Lookin' Fine on Television
directed by Bob Gruen and Nadya Beck
starring New York Dolls
Muddy Waters begat The Rolling Stones. The Rolling Stones begat New York Dolls. New York Dolls begat all things cool that followed.
They were the first authentic punk band -- plain and simple. Although the Sex Pistols are widely credited as being the pioneering purveyors of punk rock, they didn't arrive on the scene until years after the Dolls. And when placed side-by-side in a nationwide consumer taste test, the Pistols simply lacked the robust, full-bodied flavor of New York Dolls. The Dolls also ignited the new wave movement of the '70s, inspiring such acts as the Ramones and Blondie. And in short order, the Mötleys and Poisons of the '80s hair band era all likely would be still bussing tables at Denny's on Sunset Blvd (if it was still there), had it not been for shamelessly following the blueprint mapped out by New York Dolls. They didn't just flaunt a little Elvis-like guyliner -- New York Dolls boldly presented themselves as true-blue transvestite junkies. And in the post-flower child era of the early 1970s, they were as visually shocking as they were musically groundbreaking. Additionally, they so perfectly exemplified the sex, drugs and rock 'n' roll lifestyle, that by comparison, the Dolls of the 1970s make the Courtney Love of the 1990s seem like the Carrie Underwood of the 2000s. Yet despite founding vocalist David Johansen and guitarist Sylvain Sylvain's best effort to hock a re-vamped version of the band in recent years, New York Dolls remain somewhat of a rock 'n' roll anomaly, 40 years after their formation. However, for longtime fans, a fabulous treat has arrived.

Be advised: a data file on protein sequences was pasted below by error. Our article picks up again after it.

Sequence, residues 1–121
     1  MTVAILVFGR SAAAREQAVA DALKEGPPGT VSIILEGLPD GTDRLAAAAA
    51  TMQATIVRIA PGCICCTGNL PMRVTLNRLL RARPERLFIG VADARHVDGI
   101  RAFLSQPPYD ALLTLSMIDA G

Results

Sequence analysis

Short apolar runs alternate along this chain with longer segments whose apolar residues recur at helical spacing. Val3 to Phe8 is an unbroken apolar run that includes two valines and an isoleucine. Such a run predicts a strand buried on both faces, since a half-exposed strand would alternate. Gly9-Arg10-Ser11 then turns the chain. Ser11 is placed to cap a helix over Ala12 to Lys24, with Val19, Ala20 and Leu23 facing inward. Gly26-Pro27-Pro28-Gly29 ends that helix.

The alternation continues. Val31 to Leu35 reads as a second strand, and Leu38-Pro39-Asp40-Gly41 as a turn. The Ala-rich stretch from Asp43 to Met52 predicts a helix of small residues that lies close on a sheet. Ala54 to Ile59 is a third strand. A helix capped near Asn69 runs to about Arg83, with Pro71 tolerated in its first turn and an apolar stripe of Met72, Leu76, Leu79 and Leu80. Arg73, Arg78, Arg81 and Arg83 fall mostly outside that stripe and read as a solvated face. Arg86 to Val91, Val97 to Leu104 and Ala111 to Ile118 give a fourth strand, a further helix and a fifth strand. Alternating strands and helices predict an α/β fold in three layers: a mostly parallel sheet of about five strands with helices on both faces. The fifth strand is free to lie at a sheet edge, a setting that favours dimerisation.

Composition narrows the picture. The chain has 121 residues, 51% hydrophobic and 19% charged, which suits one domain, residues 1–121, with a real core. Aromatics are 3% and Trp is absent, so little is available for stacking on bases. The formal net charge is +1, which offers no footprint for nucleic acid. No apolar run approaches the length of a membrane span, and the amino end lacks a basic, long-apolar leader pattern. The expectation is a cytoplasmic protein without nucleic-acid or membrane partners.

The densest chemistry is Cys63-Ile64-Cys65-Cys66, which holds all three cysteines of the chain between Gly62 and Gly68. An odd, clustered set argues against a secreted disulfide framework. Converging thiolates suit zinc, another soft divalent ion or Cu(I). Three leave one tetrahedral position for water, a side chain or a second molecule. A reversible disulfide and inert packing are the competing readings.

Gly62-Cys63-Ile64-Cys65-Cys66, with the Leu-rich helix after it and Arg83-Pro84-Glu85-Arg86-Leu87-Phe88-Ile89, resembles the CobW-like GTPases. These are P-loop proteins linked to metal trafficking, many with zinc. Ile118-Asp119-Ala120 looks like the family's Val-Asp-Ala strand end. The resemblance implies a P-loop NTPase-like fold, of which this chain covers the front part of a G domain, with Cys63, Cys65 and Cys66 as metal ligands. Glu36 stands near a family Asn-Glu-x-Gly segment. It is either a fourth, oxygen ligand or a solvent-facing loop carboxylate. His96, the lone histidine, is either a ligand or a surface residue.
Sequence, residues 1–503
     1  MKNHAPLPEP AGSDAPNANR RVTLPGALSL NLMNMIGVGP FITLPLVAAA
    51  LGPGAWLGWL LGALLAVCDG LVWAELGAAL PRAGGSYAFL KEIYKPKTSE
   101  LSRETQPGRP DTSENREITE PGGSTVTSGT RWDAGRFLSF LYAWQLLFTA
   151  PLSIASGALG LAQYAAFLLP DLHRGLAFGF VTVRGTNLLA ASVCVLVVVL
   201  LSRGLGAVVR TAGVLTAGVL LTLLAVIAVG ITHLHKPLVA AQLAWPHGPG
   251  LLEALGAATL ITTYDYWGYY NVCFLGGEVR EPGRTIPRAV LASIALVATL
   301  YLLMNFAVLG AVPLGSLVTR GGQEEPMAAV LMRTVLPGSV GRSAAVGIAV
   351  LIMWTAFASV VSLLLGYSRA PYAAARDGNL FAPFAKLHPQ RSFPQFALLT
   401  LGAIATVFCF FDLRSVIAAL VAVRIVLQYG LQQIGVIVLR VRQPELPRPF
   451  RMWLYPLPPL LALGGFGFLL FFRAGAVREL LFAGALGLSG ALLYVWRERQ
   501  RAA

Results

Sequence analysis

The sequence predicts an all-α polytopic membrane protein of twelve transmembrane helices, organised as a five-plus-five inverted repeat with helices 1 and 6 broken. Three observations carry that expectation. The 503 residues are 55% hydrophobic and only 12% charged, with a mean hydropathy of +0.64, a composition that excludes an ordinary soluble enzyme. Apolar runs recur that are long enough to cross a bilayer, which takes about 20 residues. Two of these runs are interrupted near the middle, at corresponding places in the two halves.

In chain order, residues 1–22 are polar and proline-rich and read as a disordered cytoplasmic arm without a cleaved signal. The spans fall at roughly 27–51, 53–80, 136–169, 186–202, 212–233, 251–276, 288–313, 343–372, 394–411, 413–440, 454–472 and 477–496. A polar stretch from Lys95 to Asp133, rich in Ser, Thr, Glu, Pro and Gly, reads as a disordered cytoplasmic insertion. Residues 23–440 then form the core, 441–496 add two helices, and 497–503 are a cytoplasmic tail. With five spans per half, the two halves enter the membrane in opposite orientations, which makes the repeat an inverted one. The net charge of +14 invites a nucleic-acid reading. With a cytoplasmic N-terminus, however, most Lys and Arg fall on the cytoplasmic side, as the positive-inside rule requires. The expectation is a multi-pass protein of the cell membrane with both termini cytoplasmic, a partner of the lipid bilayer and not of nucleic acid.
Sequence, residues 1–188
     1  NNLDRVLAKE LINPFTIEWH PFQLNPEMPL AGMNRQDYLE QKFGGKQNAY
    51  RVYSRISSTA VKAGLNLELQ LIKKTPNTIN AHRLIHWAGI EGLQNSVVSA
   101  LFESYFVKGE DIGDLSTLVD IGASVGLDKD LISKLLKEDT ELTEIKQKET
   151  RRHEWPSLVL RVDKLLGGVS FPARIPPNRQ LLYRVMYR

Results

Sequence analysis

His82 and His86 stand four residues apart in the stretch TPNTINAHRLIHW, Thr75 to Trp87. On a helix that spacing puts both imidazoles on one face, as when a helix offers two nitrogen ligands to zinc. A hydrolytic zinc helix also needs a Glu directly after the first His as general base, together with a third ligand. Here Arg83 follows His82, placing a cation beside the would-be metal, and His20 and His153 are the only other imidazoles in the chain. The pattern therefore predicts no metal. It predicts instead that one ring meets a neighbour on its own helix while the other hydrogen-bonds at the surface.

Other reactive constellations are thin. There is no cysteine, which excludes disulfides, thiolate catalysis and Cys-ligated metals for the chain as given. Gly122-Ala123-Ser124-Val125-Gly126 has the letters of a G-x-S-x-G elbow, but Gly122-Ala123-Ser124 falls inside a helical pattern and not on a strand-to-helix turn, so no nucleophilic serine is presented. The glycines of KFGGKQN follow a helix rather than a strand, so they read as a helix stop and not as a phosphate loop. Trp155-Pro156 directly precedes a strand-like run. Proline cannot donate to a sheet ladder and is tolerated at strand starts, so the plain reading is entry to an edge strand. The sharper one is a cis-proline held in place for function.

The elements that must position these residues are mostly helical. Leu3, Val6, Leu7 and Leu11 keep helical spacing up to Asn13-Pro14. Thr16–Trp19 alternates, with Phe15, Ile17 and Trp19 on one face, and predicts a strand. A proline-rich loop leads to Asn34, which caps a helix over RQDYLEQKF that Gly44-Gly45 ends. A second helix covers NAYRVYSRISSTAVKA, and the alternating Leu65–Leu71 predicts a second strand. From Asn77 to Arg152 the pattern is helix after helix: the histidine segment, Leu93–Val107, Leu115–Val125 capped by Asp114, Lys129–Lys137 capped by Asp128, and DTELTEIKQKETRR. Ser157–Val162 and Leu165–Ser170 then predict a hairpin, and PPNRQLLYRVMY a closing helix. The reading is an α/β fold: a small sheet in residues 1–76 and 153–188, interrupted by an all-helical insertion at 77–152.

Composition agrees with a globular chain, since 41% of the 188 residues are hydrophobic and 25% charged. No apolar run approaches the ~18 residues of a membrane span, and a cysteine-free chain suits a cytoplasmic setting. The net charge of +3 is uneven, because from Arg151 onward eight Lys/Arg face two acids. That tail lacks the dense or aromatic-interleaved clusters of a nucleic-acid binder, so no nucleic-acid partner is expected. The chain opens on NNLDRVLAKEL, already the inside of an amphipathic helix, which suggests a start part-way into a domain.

Culled from black and white footage shot originally in the early '70s by Bob Gruen and Nadya Beck, Lookin' Fine on Television gives fans an honest and pure glimpse of a truly legendary band, both onstage and behind the scenes, during its glorious, short-lived heyday.
Beyond the group's first two records, its occasional presence in Creem, and the frequent re-airing of a live clip for "Trash" on Lisa Robinson's Radio 1990 television program, relatively little Dolls-related media content was available during the pre-Internet era. Thus, Lookin' Fine makes for a mighty and rare treasure.
The grainy black and white videography and lo-fi audio only enhance the band's infamous garage-type image. In fact, had this production been any slicker, it likely would have diminished the band's mystique. The live concert footage and behind-the-scenes clips paint a vivid portrait of the group, and poolside interview segments and special feature bonus bits with Johansen and guitarist Johnny Thunders prove to be equally revealing and insightful.